Delayed period: Pregnant or not?

Your period is not coming and you are wondering if you are pregnant? Delayed menstruation does not always mean that you are pregnant. Find out what are the most common causes of late periods.

When the rules don’t come, the first thing that comes to mind is, “I’m pregnant! ” If the absence of menstruation is the first symptom of pregnancy, you should know that the menstrual cycle is also sensitive to the nervous state, age, dietary imbalances, etc.

Late menstruation: the most common causes

Delayed menstruation and pregnancy

Pregnancy is the most common cause of missed periods. In fact, if you have had unprotected sex and your period is not happening, you may be pregnant. The body, however, gives other signs in this case: vaginal discharge increases and takes an elastic consistency or curd; you can also have small bleeds that are called implantation bleeding: when the egg is fertilized a small amount of blood can come off and lightly tint the vaginal flow. If in doubt, do not hesitate to have a pregnancy test or consult your gynecologist.

Rule delay and irregularities due to age

Adolescent girls and women over the age of 39 often suffer from irregular periods. In some, the rules may not appear a month and then return normally to the next cycle. Others may have their menstrual period shortened or go through an anovulatory phase, that is to say that there is no ovulation: these are the symptoms of pre-menopause. If you find yourself in this situation, consult your gynecologist.

Delayed menstruation and polycystic ovary syndrome

Polycystic ovary syndrome is caused by a hormonal imbalance which can lead to irregular menstrual cycles, amenorrhea (no menstruation) or, conversely, real bleeding. This syndrome can be accompanied by other symptoms such as unusual hair growth, acne breakouts, weight gain and diabetes. In this case, it is advisable to consult a doctor.

Delayed menstruation and stress and anxiety

Stress, by acting directly on hormones, affects health and especially the menstrual cycle which undergoes irregularities. This is often the case when you are worried about getting pregnant after unprotected intercourse: the very fact of feeling very anxious can make your period disappear during a whole cycle.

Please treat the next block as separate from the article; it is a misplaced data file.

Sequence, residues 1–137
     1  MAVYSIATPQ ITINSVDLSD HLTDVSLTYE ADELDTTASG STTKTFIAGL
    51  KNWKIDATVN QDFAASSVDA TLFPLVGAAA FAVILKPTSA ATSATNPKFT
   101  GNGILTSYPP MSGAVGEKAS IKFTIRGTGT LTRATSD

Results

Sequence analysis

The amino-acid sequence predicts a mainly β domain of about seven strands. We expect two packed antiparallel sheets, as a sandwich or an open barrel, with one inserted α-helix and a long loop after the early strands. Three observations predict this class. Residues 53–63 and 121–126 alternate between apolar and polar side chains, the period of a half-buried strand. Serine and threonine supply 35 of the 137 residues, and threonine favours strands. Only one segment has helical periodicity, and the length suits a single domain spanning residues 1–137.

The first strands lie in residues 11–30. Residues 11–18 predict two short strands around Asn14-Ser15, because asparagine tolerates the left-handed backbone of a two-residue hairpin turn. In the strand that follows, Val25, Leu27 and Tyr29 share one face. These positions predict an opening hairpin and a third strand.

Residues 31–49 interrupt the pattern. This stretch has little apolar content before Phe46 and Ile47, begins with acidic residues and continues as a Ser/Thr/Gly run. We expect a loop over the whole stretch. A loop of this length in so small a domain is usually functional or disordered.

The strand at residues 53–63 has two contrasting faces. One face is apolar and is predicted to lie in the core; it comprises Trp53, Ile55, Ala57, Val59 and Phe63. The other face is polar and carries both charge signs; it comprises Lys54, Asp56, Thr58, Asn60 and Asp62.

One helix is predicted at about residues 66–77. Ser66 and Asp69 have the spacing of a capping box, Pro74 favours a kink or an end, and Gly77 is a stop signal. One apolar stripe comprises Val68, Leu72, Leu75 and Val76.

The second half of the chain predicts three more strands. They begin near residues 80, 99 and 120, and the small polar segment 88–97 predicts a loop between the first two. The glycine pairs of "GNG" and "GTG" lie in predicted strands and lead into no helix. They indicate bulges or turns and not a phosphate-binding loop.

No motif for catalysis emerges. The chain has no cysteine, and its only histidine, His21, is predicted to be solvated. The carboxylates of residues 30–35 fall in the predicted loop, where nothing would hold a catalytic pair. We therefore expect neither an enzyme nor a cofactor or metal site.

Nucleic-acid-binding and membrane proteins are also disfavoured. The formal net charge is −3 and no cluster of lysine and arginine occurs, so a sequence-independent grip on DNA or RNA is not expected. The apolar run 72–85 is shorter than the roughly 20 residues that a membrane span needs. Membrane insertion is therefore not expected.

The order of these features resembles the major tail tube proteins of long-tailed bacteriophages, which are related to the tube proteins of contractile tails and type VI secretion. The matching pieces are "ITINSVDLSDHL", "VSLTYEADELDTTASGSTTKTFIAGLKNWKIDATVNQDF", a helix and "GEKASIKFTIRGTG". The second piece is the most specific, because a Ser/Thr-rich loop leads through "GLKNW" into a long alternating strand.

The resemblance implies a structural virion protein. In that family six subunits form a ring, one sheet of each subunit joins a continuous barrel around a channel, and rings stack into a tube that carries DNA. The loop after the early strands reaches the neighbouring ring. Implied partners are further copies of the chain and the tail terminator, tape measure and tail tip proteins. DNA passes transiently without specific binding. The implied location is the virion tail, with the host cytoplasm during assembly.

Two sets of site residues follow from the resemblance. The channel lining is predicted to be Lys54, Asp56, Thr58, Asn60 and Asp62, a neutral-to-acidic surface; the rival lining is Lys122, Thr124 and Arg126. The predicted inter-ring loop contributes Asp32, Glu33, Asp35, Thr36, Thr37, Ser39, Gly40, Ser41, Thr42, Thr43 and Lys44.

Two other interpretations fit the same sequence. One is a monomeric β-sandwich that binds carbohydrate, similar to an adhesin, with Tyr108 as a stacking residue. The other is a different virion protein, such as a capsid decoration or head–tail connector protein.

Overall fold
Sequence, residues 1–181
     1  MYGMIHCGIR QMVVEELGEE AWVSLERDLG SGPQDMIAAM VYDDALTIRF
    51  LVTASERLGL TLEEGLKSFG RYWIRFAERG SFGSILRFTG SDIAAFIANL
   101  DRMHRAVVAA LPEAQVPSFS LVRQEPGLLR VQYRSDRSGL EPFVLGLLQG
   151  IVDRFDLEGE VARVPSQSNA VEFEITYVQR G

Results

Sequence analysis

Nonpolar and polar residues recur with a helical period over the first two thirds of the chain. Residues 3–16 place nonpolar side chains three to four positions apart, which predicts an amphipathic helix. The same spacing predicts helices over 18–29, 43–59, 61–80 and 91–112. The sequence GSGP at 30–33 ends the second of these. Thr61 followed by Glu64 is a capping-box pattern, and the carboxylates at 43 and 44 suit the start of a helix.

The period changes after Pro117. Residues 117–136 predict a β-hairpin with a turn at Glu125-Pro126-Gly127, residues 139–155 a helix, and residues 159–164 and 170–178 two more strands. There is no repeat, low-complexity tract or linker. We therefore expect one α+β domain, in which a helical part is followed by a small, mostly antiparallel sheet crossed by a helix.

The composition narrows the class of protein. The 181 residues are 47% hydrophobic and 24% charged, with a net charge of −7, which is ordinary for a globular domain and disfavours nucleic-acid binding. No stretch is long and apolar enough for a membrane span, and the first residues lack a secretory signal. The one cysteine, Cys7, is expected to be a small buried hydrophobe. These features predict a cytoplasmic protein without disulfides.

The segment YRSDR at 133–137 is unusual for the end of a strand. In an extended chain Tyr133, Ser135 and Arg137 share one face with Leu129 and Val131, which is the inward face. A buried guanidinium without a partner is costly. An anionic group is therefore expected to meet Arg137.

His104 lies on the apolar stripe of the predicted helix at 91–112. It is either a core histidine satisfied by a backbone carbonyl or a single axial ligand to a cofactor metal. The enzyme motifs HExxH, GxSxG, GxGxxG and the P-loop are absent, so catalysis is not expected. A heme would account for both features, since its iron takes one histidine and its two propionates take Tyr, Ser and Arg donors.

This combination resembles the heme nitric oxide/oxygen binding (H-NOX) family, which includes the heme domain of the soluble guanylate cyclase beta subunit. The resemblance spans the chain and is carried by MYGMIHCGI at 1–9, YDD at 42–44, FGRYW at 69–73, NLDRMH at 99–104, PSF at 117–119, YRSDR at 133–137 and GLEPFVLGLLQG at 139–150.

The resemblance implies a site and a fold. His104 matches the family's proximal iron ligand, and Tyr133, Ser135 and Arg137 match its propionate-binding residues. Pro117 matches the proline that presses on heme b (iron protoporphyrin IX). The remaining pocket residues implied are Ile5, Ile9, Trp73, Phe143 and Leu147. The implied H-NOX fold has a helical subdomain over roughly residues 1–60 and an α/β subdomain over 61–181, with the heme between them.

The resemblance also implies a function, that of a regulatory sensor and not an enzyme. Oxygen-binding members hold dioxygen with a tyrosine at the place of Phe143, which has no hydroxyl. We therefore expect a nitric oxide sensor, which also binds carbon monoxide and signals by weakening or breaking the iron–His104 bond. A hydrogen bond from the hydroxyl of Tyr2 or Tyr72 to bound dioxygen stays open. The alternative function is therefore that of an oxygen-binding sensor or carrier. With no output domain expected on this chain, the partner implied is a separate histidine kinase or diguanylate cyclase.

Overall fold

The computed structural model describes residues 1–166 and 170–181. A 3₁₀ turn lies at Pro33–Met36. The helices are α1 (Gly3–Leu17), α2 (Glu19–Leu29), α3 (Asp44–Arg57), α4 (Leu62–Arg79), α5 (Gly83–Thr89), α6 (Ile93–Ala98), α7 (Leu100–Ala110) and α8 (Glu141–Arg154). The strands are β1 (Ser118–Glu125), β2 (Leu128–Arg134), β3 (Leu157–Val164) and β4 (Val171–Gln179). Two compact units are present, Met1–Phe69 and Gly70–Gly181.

Delayed menstruation and breastfeeding

Breastfeeding has all the advantages for baby because it provides him with a complete and very nutritious food which helps to strengthen his immune system. In general, during the whole period of breastfeeding, the ovulatory cycle is put on standby, hence the absence of menstruation. If your period appears, which is entirely possible, see your doctor.

Delayed menstruation and eating disorders

Insufficient food or too much sport can also cause your period to stop. Thus, women who suffer from eating disorders such as anorexia or bulimia, very often have irregular periods, frequent delays and sometimes even complete amenorrhea. It is a fairly logical reaction of the body which, weakened, saves its resources. As a rule, with the restoration of a normal diet and weight gain, periods return quite naturally.

Delayed menstruation and thyroid problems

The thyroid is a gland located in the neck; it regulates the metabolism by interacting with the other circuits of the body. Hypothyroidism or hyperthyroidism directly affects the menstrual cycle, leading to delayed periods, to which are added other symptoms such as tremors in the hands, increased sweating, fatigue, sleep disturbances, anxiety and difficulty concentrating.

Delayed period: what to do?

Pre-menstrual symptoms can sometimes be confused with symptoms of pregnancy: swollen chest, nausea, abdominal pain, headache, sleep disturbances and malaise.

If your period does not appear and you think you may be pregnant, get a blood, urine test or, even more simply, a pregnancy test as soon as possible, the quickest way to find out if you is pregnant: the test can be purchased in pharmacies and can immediately detect the presence of chorionic gonadotropin, also called hCG, the pregnancy hormone.

Be careful, however, not to take the pregnancy test too early. Indeed, at the beginning of pregnancy, the level of this hormone can be very low and therefore insufficient to be detected. If the test results are generally fairly reliable, there is a possible margin of error, which are “false negatives”. Consequently, if the test result is negative and your period still does not arrive after two or three days, do not hesitate to repeat the operation or to consult your doctor who may order a blood test or an ultrasound.

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